Objective To compare speed and accuracy for determining urinary calculi composition between dual-energy computed tomography (DECT) and Hounsfield unit (HU) measurements of calculi by a set of reviewers at varying levels of training and practice. Materials and Methods Sixteen patients with known stone composition were randomly selected. Fourteen reviewers of varying levels of practice interpreted DECT and HU images from the selected patients to predict stone composition in 2 sessions (day 1: tutorial or flow sheet available for image interpretation and day 2: tutorial or flow sheet not available). Reviewers recorded HU values, stone color, and predicted stone composition as they were timed. Accuracy of image interpretation, determination of calculi composition, and interpretation time were compared. Results DECT accuracy: image interpretation 100% (day 1) and 94% (day 2); predicted stone composition: 100% (day 1) and 73% (day 2). Mean interpretation time was the same for both days, 21 seconds per study (range, 11-40 seconds). HU accuracy: image interpretation 97% (day 1) and 91% (day 2); predicted stone composition was 45% accurate on both days. Mean interpretation time was 53 seconds per study (range, 28-79 seconds) and 41 seconds per study (range, 19-71 seconds) on days 1 and 2, respectively. Overall accuracy of determination of stone composition and interpretation time for DECT were essentially double those of the HU images (87% vs 45% and 21 vs 47 seconds, respectively). Reviewer's experience level did not affect accuracy or speed. Conclusion DECT is easier to learn, faster to interpret, and more accurate than HU in determining urinary calculi composition for physicians at various levels of training and practice.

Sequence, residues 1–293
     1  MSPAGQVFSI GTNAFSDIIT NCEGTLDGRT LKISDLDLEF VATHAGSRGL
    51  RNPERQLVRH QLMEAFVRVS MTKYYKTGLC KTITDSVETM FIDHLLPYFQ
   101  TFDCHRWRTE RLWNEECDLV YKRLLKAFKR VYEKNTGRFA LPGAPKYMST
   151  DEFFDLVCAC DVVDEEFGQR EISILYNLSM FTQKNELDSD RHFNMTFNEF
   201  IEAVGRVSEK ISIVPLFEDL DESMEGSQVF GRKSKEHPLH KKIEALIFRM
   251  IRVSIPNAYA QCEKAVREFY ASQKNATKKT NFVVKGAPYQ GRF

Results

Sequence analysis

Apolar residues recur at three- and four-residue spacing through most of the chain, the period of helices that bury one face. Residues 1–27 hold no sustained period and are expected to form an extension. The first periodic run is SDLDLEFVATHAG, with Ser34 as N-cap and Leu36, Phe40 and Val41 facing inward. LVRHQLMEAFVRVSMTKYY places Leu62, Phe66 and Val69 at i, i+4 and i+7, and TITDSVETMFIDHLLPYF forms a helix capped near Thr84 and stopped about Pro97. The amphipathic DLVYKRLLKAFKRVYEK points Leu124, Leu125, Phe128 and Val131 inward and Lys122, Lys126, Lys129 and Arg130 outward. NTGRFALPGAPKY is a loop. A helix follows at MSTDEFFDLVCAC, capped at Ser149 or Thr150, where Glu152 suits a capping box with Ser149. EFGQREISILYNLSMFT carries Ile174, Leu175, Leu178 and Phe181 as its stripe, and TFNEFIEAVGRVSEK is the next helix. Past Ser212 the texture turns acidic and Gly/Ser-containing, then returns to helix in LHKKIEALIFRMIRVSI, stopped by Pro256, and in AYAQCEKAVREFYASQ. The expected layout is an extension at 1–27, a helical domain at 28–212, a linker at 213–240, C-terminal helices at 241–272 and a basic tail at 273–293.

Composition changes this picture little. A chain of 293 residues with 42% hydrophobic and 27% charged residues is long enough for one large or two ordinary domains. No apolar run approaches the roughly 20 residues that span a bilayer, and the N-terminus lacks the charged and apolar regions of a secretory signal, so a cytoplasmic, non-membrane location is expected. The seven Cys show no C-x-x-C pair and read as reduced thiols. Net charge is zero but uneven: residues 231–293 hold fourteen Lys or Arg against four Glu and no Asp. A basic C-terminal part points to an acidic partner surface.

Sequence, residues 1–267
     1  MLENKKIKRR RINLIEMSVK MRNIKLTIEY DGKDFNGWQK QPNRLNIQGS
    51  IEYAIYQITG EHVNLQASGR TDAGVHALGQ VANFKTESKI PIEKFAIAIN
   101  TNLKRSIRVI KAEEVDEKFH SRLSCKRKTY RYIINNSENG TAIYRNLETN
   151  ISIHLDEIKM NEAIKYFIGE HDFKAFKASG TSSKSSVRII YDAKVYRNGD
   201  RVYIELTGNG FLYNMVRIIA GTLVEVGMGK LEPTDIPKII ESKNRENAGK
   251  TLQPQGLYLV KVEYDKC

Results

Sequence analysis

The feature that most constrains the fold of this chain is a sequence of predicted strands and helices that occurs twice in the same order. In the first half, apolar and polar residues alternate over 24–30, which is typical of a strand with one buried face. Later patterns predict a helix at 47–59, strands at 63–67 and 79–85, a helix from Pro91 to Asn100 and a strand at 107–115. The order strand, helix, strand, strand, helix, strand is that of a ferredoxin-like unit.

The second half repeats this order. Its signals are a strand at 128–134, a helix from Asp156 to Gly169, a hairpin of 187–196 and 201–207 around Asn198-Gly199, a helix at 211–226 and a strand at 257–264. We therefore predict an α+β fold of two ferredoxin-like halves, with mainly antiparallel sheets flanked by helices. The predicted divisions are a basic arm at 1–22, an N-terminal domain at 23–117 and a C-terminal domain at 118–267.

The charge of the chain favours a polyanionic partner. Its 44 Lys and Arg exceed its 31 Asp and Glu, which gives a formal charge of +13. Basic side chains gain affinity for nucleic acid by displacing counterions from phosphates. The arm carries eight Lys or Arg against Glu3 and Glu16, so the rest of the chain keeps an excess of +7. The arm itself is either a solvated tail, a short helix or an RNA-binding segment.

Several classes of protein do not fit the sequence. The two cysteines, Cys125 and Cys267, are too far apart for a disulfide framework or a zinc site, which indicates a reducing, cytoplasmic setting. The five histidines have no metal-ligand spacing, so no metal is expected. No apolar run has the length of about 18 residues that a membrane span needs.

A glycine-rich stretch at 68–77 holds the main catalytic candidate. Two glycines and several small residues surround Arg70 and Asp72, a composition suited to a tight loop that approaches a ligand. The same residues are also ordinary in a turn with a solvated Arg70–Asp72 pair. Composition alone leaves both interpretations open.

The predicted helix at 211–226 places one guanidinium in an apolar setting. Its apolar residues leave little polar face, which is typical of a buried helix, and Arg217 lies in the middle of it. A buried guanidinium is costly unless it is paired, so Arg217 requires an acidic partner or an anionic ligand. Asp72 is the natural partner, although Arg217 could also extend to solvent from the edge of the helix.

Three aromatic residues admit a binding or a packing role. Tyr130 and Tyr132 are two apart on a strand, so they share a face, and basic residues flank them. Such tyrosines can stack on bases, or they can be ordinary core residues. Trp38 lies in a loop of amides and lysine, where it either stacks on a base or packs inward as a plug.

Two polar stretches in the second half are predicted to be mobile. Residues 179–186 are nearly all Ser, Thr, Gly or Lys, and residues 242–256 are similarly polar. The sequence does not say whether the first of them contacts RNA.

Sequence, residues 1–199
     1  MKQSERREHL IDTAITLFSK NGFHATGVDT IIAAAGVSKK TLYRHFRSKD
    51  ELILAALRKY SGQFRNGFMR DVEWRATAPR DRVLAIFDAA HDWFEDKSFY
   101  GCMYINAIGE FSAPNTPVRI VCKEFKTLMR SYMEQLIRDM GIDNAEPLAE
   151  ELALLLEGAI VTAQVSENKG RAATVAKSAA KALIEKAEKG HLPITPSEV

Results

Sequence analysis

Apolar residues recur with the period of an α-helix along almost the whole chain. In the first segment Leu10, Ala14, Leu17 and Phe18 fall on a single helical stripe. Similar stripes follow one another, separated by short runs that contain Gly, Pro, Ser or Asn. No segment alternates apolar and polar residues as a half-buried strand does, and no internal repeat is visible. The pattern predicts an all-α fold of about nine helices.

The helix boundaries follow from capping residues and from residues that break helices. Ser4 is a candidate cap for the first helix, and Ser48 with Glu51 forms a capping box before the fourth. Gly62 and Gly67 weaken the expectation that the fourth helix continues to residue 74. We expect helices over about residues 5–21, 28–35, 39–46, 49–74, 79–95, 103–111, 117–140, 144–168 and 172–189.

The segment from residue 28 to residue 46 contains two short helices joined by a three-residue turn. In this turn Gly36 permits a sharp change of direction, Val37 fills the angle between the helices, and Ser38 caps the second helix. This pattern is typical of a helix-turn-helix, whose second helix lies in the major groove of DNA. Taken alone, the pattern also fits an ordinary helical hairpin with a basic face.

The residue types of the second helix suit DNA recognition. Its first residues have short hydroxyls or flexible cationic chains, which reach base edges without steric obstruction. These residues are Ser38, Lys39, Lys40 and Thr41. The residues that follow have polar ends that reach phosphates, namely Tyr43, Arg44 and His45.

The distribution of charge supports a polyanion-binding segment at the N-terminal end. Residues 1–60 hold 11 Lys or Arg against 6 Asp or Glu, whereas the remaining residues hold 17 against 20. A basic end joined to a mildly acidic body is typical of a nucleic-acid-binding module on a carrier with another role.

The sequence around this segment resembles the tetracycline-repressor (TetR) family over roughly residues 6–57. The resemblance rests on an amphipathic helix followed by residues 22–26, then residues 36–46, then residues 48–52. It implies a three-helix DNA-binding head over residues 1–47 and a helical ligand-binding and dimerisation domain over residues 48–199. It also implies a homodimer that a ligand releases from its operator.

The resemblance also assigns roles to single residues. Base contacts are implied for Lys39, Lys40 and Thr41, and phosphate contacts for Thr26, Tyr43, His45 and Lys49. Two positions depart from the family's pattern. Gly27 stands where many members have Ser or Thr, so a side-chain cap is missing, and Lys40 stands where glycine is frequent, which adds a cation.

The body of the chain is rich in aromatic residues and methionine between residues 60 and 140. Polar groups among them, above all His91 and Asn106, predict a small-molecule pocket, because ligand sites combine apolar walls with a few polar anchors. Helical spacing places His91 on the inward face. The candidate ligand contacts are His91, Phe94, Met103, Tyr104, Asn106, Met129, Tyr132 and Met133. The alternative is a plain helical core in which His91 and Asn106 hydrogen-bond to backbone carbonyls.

ASJC Scopus subject areas